Michael Zemcov (Credit: Rochester Institute of Technology)
A team of undergraduates from Rochester Institute of Technology are developing a “compass” to be used in rockets with the help of a new kind of detector technology. The instrument will fly on a NASA technology demonstration mission later this year.
The graduate team is developing, constructing, and integrating a camera and telescope that will help to orient the rocket payload based on the images of stars.
RIT’s Cryogenic Star Tracking Attitude Regulation System is financially aided by a $200,000 grant from NASA’s Undergraduate Student Instrument Project Flight Research Opportunity program. The aim of this NASA program is to provide undergraduates the required experience in flying and developing experiments relevant to NASA’s mission.
Michael Zemcov, professor from RIT, proposed that the experiment conducted to test detectors made of CMOS or metal-oxide semiconductor is a promising new material that is capable of operating at liquid nitrogen temperatures, minus 320 degrees Fahrenheit.
These cryogenic temperatures have the ability to significantly lower dark current in the sensor and also increase instrument sensitivity. On the contrary, the conventional technology used in astronomical imaging and in consumer electronics - CCDs or charge-coupled detectors - cannot be operated at cold temperatures.
Zemcov, assistant professor of physics at RIT, suggests that RIT’s prototype displays a step toward a fully cryogenic optical detector that in the future will have the ability to improve the sensitivity of NASA’s deep-space cameras. The star tracker will be launched in December, 2016, in a technology demonstration payload on a suborbital sounding rocket from NASA’s Wallop Flight Facility on Wallops Island, Va., along with various other experiments conducted by NASA laboratories and other Universities.
Sounding rockets are related to military ordnance, similar to surface-to-air missiles, which fly approximately to an altitude of 200 miles, and are an inexpensive way to conduct science experiments in space.
After the primary flight is successful, a second instrument build by RIT will fly on a NASA rocket experiment to evaluate the light from faint and far off galaxies. The CIBER-2 or the Cosmic Infrared Background Experiment 2 is headed by the California Institute of Technology. Zemcov is a co-investigator on CIBER-2 and also a member of RIT’s Center for Detectors and the Future Photon Initiative.
We needed to build a star tracker for this science payload. The problem is that most of the detectors we have don’t work at the cold temperatures we require.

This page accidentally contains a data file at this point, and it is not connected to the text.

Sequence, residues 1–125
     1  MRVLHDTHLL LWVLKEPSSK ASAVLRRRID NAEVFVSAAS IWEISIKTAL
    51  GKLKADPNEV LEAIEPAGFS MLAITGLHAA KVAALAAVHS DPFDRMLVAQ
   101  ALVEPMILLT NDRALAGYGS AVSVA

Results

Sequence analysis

Michael Zemcov, Professor, RIT
The student team from RIT brings strengths from various disciplines to the project.
Every team member has been assigned a job: Kevin Kruse, the electrical engineer and the team leader is a fifth-year BS/MS electrical engineering major from Port Jefferson Station, N.Y; Chris Pape, pursuing his third-year in the BS/MS program in mechanical engineering technology/mechanical and manufacturing systems integration from Douglassville, Pa., is the mechanical engineer; Benjamin Bonder, is the computer engineer and is a fifth-year BS/MS electrical engineering major from Geneva, N.Y; Poppy Immel, the computer scientist is a fifth-year BS/MS dual-degree major in computational mathematics and computer science from Castleton, Vt; Matthew Delfavero, a third-year physics major from Annapolis, Md., is the physicist; and Hyun Won, a fourth-year international business student born in South Korea and who grew up in Ann Arbor, Mich., is the project manager. Most of these students are treating this project as co-op experience.
“The aim is to control this sensor and make it work at cold temperatures,” Kruse said. “Then we’ll launch it into space to take pictures. A future mission would involve us guiding the rocket using the images we take.”
The team’s mentors include Zemcov; Dorian Patru, professor of electrical engineering; and Chi Nguyen, a Ph.D. student from Vietnam in the astrophysical sciences and technology graduate program.
CSTARS will verify a new instrument design, so I’m interested in seeing how well the implemented instrument can meet our expectations. As a graduate student, this project is an excellent opportunity for me to gain mentoring experience and experience working with NASA.
Chi Nguyen, Ph.D. Student